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HALL OF FAMEon 12 April 2002
Ibbotson's real forte is her children's books, but this, like Company of Swans has the same touches of magic and humour. Ellen, the daughter of a formidable suffragette intellectual disappoints her family by being a genius at the domestic arts, which she learns from her other mother, an Austrian housekeeper. She puts these to excellent use when going to be houskeeper at a progressive boarding school in Austria, whose eccentricities are hilariously (and accurately, given that Ibbotson went to Dartington) described.
The one teacher who refuses to bathe in the nude, she is soon leading a quiet revolution among the pupils, who long for modesty and regularity. She also attracts Marek, the mysterious groundsman wqho turns out to be a composer bent on helping Jews out of Nazi Germany.
WHat makes Ibbotson outstanding is her belief in goodness, and particularly the power of goodness to triumph over meanness and evil. The closest to this kind of fiction is ELizabeth Goudge's. A tonic for the weary or despondent, it adds zest to life.
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on 13 August 2006
Although I came by this book by chance, I loved it. Eva Ibbotson has yet again managed to capture my imagination with this heart-breaking love story which is written around the World War. It shows how one girl has the courage to always keep going, even when the world seems to be against her. As usual, Eva Ibbotson has created lovable chareters who are perfect for this story. I would reccomed this book to young adults-adults, who are looking for an easy read to curl up with. It is truly another classic from Eva Ibbotson and should not be missed.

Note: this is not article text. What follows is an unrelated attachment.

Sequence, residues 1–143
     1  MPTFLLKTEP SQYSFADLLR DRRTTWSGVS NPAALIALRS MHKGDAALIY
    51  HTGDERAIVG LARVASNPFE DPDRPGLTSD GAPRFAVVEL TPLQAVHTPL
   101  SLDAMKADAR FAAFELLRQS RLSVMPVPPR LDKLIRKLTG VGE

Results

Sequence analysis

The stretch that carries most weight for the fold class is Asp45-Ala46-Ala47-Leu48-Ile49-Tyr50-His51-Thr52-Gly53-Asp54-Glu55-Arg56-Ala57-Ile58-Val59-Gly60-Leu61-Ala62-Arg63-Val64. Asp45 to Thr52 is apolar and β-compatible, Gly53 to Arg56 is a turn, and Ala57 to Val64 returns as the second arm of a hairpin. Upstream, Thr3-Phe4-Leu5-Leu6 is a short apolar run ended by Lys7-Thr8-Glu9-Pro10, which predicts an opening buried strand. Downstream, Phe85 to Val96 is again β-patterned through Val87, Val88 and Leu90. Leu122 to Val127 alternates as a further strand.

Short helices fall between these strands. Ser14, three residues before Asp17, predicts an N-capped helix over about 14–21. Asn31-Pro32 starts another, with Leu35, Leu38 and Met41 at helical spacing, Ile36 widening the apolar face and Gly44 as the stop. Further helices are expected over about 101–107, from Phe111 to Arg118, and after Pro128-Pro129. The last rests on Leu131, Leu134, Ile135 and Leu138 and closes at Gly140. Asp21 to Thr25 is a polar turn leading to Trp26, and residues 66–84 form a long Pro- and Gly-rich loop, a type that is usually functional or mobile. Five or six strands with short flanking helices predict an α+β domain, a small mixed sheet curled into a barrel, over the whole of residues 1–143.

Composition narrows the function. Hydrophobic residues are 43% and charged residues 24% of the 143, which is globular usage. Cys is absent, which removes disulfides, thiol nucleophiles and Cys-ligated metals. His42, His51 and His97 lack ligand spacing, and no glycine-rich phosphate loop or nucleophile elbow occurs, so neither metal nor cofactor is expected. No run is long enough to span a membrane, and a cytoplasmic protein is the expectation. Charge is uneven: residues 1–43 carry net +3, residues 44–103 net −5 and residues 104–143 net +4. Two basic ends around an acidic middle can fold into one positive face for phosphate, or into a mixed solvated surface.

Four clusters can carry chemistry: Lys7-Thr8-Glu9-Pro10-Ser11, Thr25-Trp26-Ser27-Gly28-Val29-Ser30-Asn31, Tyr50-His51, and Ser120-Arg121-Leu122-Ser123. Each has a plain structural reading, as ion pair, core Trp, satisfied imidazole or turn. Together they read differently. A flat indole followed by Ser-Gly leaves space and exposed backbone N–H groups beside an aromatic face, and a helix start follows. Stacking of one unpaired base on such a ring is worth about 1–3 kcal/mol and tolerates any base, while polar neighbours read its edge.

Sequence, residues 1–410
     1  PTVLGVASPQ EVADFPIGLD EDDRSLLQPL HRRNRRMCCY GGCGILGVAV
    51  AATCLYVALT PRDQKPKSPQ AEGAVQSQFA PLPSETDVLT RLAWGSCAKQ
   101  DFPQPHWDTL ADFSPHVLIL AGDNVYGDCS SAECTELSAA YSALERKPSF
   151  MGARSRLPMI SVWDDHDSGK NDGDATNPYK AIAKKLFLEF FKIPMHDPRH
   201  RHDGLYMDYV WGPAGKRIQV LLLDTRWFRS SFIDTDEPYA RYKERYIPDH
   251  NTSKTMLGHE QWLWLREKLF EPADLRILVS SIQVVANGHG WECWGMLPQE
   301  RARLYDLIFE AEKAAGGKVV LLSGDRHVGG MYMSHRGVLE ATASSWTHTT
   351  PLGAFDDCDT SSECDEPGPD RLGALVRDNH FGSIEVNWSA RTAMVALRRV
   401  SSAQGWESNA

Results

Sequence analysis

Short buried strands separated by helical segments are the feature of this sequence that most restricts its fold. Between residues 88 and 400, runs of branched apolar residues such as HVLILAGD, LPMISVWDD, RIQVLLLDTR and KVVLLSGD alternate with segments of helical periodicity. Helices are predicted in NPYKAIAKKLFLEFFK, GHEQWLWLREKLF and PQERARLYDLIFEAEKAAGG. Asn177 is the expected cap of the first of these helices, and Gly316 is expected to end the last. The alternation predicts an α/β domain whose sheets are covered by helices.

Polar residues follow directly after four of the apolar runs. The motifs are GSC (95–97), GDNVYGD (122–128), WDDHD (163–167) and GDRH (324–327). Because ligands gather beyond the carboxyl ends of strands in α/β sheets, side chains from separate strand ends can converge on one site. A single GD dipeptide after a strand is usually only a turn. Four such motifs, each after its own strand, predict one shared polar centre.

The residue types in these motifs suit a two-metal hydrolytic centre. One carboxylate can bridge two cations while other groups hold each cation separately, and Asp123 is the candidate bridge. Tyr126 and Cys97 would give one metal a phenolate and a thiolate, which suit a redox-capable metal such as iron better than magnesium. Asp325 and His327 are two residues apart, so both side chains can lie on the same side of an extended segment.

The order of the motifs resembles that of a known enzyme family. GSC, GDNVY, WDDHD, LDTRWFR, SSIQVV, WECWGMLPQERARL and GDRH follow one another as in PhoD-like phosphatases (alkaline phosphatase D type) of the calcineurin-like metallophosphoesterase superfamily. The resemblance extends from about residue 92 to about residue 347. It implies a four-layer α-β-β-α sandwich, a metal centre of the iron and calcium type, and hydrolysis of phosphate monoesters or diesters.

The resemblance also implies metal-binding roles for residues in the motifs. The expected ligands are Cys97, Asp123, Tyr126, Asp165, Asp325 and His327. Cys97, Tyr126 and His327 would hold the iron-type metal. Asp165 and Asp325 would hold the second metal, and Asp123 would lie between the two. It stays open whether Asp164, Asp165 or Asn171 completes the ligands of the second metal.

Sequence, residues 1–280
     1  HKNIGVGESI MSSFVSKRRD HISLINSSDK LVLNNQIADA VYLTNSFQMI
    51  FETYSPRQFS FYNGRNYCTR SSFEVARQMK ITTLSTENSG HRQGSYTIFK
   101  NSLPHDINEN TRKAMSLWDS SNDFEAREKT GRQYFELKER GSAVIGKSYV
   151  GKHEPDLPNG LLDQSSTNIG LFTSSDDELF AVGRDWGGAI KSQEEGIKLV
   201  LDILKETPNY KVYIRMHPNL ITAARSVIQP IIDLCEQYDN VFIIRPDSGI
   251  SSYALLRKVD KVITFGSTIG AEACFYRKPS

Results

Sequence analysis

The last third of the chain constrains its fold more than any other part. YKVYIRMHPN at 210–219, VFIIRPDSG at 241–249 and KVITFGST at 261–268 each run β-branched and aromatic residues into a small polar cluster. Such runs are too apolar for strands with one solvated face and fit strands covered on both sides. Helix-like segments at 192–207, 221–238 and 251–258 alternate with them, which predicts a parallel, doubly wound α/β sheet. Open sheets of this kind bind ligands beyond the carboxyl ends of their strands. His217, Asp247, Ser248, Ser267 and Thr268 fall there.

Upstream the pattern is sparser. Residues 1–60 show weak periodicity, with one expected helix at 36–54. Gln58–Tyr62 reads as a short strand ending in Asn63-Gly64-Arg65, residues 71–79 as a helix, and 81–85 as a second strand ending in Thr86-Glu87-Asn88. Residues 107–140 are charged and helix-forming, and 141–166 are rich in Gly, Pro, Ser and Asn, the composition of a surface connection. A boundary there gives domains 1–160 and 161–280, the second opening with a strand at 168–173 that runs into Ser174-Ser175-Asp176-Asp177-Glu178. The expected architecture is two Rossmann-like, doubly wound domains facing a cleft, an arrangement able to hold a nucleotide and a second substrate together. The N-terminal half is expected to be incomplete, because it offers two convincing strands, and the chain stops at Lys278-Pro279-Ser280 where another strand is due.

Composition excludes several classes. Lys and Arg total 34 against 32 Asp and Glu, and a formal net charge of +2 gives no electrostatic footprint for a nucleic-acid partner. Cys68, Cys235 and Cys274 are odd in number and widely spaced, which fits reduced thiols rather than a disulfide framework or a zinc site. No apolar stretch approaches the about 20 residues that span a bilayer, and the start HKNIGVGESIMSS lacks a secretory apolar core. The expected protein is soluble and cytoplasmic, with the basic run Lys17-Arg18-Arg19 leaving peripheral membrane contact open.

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on 3 March 2001
Eva Ibbotson excels at stylishly written romance without giving way to mawkishness or sentimentality. The overall shape of Morning Gift is much in the style of her other books, but she has moved forward from an idealised early 20th century to the harsh realities of 1938 Vienna.
Although this is a classic marriage of convenience plot where hero and heroine find they do have deeper feelings, the plot is really originally worked out and the back-story is lovingly crafted. The whole construct is spiced with a delicate, witty deflating of academic life, and some lovely comic vignettes, as well as some deeper moments of real anguish. The hero, Quin and his exquisite Ruth, are really vibrant, attractive and complex. I was cheering them on, and there were many moments which brought a lump to my throat. If you're a romance lover, this is a fantastic book.
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on 5 September 2008
This has to be one of my number one books. I have read it so many times that my own copy is falling apart!
Its basically about (without giving the plot away i hope) a girl called Ellen, who was raised to be an interlectual, but all she wanted to do was cook. So she was took up a job at Hallendorf school, which is a magical, and mysterious place. When Ellen took up the job she didn't know how unusual the school would be, nor what dangers she would have to go through to help the people she comes to love. It trully is a magical tale, that sends you through a mix of emotions. This book made me both cry and smile...and I would recomend it to anyone!
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on 21 September 2013